How Political Ideology Undermines Racial and Gender Diversity in Federal Judicial Selection: The Prospects for Diversity in the Trump Years
By Kevin R. Johnson
Dean and Mabie-Apallas Professor of Public Interest Law and Chicana/o Studies, University of California at Davis School of Law; A.B., University of California, Berkeley; J.D., Harvard University
This Essay considers the relationship between efforts to increase the racial and gender diversity of the federal judiciary and the contemporary contentiousness of the Senate judicial confirmation process. Part I briefly evaluates the benefits of a diverse federal judiciary and summarizes the relatively successful efforts of President Obama—the nation’s first African-American president—to increase racial and gender diversity among the nation’s federal judges. Part II analyzes the diversity costs of an ideologically-driven confirmation process in the United States Senate. Part III suggests that President Trump’s suspicions that racial minorities are naturally biased do not bode well in terms of his commitment to diversity.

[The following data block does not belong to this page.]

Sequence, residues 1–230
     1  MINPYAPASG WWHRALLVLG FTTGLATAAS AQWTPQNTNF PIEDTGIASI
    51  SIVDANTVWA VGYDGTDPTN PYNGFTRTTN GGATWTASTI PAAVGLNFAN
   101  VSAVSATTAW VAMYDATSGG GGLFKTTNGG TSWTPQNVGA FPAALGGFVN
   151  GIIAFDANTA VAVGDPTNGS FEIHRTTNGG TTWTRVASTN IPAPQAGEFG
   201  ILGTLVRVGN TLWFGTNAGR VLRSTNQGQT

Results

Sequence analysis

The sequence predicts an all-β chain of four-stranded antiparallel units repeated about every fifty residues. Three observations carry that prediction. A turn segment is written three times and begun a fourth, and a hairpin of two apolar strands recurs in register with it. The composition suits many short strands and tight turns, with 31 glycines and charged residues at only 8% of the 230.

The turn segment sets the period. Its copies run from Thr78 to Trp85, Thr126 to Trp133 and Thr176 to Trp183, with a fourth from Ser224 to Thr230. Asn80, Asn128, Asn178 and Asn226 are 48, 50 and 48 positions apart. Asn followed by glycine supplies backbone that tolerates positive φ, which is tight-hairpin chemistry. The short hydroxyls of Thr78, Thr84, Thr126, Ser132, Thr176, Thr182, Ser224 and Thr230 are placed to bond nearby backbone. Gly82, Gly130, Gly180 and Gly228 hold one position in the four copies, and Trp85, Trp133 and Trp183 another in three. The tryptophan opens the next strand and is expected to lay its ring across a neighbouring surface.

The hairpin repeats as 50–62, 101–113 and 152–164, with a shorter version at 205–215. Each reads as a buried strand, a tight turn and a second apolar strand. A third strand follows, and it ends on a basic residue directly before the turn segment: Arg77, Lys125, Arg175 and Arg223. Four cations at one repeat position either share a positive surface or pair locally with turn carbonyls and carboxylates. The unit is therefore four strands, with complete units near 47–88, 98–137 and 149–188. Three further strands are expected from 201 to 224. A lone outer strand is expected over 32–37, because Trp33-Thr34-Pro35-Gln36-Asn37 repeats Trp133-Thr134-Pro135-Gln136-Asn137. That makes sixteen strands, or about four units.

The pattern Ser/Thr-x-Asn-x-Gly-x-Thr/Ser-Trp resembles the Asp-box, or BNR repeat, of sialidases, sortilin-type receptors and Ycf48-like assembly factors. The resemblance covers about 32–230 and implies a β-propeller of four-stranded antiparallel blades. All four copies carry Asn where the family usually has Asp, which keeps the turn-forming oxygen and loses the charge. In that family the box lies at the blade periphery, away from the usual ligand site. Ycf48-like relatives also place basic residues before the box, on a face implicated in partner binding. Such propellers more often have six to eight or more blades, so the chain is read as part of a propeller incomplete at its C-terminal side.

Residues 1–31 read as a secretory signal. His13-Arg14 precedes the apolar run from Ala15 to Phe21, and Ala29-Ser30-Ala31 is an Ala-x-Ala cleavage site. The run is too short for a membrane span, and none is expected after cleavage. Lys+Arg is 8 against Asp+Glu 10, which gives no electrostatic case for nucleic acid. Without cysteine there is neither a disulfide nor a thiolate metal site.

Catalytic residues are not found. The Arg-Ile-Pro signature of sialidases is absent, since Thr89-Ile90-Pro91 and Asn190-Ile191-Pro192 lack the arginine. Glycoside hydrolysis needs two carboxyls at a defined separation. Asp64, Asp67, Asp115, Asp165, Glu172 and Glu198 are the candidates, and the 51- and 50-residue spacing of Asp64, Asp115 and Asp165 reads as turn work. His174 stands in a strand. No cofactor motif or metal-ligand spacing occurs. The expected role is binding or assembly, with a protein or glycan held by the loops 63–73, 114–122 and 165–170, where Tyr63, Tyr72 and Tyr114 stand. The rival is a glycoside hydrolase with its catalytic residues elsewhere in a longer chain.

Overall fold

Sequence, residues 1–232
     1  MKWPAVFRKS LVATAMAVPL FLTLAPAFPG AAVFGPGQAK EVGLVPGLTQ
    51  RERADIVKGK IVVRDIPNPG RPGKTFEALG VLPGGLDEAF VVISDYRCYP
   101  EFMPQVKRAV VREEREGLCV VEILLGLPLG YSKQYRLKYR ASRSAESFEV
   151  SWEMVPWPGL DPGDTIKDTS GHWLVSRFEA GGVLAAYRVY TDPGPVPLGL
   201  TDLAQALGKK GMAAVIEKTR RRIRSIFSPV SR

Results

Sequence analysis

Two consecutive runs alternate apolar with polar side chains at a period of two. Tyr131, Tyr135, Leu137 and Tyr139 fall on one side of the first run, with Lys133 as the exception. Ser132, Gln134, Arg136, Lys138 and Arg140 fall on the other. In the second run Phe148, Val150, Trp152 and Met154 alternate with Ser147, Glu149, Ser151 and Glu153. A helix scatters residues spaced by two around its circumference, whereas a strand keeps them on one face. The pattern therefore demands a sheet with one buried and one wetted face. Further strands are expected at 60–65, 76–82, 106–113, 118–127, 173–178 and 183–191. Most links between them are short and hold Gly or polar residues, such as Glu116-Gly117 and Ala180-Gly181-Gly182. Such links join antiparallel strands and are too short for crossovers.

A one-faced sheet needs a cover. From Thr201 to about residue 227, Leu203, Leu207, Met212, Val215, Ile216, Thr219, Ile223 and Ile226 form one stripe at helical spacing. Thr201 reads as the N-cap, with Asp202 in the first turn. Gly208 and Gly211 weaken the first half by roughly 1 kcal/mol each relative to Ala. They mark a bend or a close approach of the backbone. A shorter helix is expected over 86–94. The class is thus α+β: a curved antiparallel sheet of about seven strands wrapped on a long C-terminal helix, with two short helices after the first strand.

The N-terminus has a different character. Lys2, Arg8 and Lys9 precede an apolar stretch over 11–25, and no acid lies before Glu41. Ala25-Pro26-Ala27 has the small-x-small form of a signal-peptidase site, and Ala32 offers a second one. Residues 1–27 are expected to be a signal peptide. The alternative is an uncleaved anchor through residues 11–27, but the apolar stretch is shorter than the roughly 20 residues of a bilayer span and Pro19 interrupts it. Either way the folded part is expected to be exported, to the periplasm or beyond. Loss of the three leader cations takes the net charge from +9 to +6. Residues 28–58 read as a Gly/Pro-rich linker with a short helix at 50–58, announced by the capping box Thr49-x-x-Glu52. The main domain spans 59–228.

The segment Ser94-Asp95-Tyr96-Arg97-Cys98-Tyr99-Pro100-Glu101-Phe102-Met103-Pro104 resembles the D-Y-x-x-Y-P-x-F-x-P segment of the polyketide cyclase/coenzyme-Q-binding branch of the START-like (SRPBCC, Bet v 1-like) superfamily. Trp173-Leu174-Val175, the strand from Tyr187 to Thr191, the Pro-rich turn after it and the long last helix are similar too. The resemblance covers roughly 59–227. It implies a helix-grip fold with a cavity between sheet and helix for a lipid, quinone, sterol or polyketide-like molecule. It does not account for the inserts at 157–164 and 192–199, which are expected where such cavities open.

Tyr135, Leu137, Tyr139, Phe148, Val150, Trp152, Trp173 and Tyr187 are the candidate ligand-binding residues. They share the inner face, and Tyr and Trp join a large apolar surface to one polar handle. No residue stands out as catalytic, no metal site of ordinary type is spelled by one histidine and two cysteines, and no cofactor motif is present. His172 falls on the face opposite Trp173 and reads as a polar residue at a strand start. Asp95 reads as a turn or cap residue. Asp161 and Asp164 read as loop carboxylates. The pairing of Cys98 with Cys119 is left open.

Diversity, Qualification, and Ideology: How Female and Minority Judges Have Changed, or Not Changed, Over Time
By Maya Sen
Assistant Professor, John F. Kennedy School of Government, Harvard University